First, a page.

As part of our research in computer crimes, we were tasked with looking at a variety of news in the mainstream media – and see what we find. Initially this was a massive task, since obviously a large portion of the crimes today have some kind of digital aspect to them. And when using the term “crime” I use it widely – everything from activist hacking and political motives to the more financialy motivated crimes. There is also a large part of the news that are related to “unrecommended” use of the internet and digital devices.

The Dropbox Hack.

Read story on The Guardian.

When this news dropped, I had just read the headlines and immediately stormed of to change my passwords and do a “log of all devices”. I also activated the two-step authentification – which I did not think Dropbox had (stupid me breaking my own rules). I also went on the forensics chats and alerted everyone to take action. It was first after all this I went to read the entire article – and found out this was related to the 2012 hack. I of course have changed my passwords several times of natural reasons since that, so there were not really any huge crisis going on.

But – we did some reflections regarding the hack and how first NOW this information gets out. Previously (in 2012) there was only a mention of some Dropbox employees emails being the “loot” from the hack. But now, 4 years later – we learn it is 68 million users. There was a great debate around this in the forensics community, in which I will not elaborate on here.

Moving on, I did some more research on the data that were stolen. Apparantly this data consisted of email addresses and the passwords. This would be enough to get into the accounts at the time, since back then – Dropbox did not have any two-step authentification. Apparantly this hack was the Drop that made the Box run over – and made this feature become a reality. Anyways, what about the data? Well, from the information I could find online the passwords were encrypted, and the hackers would have needed some time to make the data valuable. If you had every users password, you might also for a majority of them get access to a lot of other services such as their emails, facebook accounts and so on. Not to mention the services that are using the email for access control. But then I started reflecting on how they could encrypt these passwords to even get so far. Well this is what I found.

Initially I thought – hey, what if the hackers already had an account on Dropbox, could they use their encrypted and unencrypted passwords (which they already know) to find the encryption key to unlock the rest? I would think so from a logical standpoint, and I discussed this with peers and faculty. They all agreed. But, of course – I should have turned to search engines sooner, because there I found that my “genious idea” actually were a thing. Known-Plaintext-Attack. Although I am proud to say that I invented this in my head – it is obvious this has been thought of before. The good news is that I therefore have more info to research – but from here it gets a bit blurry and technical. Some say that all encryptions based on cyphers are vulnerable to these types of attacks – but official documentation says that the type Dropbox is using – AES (Advanced Encryption Standard) – are not. Also, some says that if there are really long keys, like the ones Dropbox use (256bit) – a KPA will still take a really long time. For now, my research on this topic has to wait sine I have more pressing matters to attend to.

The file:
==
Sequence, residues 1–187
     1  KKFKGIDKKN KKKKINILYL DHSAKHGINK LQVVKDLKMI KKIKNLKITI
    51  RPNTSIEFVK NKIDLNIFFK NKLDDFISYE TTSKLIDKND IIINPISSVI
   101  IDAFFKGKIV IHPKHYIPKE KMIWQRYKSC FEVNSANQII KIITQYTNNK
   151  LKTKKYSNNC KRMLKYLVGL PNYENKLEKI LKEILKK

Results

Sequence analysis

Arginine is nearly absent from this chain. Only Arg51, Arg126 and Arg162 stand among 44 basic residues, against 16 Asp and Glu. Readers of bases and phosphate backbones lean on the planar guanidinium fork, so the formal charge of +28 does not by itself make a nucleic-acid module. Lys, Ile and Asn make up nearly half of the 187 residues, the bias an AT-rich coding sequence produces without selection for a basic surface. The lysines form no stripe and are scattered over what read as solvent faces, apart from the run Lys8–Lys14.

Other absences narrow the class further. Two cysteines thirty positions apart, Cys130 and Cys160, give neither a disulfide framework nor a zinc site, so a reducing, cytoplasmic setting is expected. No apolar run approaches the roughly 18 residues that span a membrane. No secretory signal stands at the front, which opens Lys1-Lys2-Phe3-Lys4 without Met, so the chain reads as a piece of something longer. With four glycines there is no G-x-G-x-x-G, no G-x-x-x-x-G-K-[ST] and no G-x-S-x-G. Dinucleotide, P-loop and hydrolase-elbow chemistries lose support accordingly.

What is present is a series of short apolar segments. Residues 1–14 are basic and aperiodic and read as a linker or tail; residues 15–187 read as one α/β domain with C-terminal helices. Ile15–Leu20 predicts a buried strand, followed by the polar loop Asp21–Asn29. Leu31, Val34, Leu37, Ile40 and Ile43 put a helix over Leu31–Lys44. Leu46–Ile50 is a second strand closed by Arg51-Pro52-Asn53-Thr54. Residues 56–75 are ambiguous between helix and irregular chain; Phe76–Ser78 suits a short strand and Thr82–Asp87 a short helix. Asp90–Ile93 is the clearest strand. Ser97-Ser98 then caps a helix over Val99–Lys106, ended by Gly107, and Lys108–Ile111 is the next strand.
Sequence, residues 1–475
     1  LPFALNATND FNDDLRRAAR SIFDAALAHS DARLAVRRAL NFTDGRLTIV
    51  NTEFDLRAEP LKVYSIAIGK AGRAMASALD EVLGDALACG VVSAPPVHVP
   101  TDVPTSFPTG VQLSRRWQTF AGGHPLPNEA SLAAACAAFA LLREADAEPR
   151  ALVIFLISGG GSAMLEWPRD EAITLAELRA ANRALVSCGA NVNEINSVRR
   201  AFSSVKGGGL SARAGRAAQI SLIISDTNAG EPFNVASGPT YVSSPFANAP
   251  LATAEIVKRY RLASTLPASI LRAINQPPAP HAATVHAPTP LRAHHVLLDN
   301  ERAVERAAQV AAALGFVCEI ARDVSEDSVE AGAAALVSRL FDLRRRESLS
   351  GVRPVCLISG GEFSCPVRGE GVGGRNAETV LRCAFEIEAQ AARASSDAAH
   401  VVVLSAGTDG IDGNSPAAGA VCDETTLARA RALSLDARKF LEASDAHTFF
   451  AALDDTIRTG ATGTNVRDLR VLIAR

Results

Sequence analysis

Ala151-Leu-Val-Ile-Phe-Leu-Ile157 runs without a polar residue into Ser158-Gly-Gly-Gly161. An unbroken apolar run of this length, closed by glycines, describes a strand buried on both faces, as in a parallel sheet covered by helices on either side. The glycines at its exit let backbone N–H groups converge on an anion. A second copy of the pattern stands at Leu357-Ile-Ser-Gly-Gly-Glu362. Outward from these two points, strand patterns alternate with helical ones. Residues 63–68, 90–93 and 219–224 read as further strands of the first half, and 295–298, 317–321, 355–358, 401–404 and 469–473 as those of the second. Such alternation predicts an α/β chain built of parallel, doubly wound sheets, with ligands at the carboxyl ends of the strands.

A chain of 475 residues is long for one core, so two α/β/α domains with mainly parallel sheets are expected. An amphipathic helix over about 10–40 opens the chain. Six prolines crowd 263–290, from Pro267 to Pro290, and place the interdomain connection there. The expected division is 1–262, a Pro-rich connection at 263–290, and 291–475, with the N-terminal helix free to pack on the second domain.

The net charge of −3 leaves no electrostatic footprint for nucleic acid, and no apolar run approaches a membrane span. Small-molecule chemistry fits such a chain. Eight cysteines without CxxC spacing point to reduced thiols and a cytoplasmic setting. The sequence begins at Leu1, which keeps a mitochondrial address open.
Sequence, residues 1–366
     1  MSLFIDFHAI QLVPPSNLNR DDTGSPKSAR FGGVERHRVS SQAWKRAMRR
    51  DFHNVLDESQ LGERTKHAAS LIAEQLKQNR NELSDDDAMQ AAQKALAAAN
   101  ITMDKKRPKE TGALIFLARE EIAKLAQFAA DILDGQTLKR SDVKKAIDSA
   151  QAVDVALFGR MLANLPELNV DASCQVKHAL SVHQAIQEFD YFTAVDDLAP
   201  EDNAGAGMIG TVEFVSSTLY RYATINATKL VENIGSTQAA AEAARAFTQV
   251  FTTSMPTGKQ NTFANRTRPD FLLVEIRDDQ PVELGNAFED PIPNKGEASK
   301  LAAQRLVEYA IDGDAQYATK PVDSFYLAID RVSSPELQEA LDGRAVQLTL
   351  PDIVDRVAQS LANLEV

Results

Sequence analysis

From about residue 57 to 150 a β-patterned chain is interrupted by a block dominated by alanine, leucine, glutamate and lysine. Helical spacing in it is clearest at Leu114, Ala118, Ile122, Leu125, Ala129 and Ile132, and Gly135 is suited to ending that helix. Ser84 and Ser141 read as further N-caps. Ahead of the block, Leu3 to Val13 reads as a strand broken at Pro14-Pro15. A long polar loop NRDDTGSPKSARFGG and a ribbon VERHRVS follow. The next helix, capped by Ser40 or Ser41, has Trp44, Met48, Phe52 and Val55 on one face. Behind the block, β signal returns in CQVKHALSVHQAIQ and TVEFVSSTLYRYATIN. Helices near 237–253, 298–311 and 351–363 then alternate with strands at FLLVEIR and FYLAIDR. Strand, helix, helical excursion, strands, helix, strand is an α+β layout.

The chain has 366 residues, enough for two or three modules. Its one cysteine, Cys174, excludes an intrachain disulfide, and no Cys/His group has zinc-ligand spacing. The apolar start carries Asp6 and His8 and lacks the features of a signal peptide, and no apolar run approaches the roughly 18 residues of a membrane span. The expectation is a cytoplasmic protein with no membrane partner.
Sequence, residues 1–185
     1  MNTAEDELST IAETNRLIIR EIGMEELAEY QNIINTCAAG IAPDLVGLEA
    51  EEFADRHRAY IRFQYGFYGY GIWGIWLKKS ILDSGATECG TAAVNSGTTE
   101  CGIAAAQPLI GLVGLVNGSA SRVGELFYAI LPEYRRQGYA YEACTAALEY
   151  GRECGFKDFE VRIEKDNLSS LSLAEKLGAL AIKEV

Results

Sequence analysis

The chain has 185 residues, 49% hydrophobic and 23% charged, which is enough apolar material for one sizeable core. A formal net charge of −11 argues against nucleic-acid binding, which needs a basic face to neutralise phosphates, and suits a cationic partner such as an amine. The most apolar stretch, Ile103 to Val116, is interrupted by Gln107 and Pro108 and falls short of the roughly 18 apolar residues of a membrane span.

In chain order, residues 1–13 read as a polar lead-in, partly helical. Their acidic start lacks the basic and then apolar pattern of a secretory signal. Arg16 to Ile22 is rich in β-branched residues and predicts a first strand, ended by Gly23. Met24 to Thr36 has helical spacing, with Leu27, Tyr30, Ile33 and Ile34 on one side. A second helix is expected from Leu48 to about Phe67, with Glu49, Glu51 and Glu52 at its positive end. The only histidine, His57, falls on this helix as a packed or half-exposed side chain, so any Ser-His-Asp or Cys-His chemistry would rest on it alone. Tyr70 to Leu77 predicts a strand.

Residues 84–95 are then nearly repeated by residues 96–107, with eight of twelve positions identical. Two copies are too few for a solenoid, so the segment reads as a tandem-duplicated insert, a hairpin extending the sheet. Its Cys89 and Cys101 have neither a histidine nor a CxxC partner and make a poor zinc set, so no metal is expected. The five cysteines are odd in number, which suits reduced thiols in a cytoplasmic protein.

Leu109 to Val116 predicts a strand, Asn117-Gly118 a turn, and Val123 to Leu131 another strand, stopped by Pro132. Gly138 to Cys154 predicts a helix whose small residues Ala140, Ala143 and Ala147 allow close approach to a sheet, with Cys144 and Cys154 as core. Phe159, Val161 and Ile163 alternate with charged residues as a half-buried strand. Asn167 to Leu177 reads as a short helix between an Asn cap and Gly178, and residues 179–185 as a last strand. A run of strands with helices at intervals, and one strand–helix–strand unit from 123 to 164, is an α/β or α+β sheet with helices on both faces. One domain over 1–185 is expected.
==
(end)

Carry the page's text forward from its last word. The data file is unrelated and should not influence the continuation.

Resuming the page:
New type of Ransomware.

Read article on ITavisen (norwegian)

A new type of creative ransomware has surfaced, making it more difficult for novice users (which is almost all of them) to know what is going on. Apparantly, this program impersonates to be Windows Update whilst it is encrypting your files. The genious of this evil program is that the user is used to not do anything, not unplug the power, not touch any keys, until it is complete. After the encryption is done, a HTML-file is loaded to explain to the user how to pay the ransom for their files.

Browser Opera hacked.

Read article on Opera Blog

Another hack has surfaced, and this time it is the norwegian browser company Opera which has been the target. 1,7 million users details has been leaked. When I have some more time, I will investigate further on the type of data taken and how it can be used for illegal purposes.

Norwegian Businesses Attacked

Read article on Aftenposten (norwegian)

We already know that more and more businesses are being targeted by attacks, especially during the summer. This article in Aftenposten reveals that the problem are a lot bigger than expected, the hackers have gotten away with NOK 500,000,000 since new years. The reason these attacks rise during the summer, is because there are a lot of people on holiday – and temporary workers with little knowledge are taking care of important tasks. Many of these cases are typical frauds done with social engineering – but the methodology and approach are in a digital manner. In order to prevent or solve this, you will need a computer forensics investigator to help you.

Clinton emails keep causing problems.

Read article on CNN

The Clinton emails have been in the news for a long time. But this time there is some collatoral damage, and the target on this is a woman close to Clinton named Huma Abedin. Now, you might know her name from the Wiener sex-scandals, but in this case there is on a more serious topic. As Clintons right hand in several issues for many years, she has been a trusted individual doing Clintons dirty work. The evidence now points at Ms. Abedin has been securing gifts and funding for the Clinton foundation i exchange for private meetings with Hilllary whilst she were Secretary of State. This case and others related to the email hacking – will for sure be a factor in the upcoming presidential election.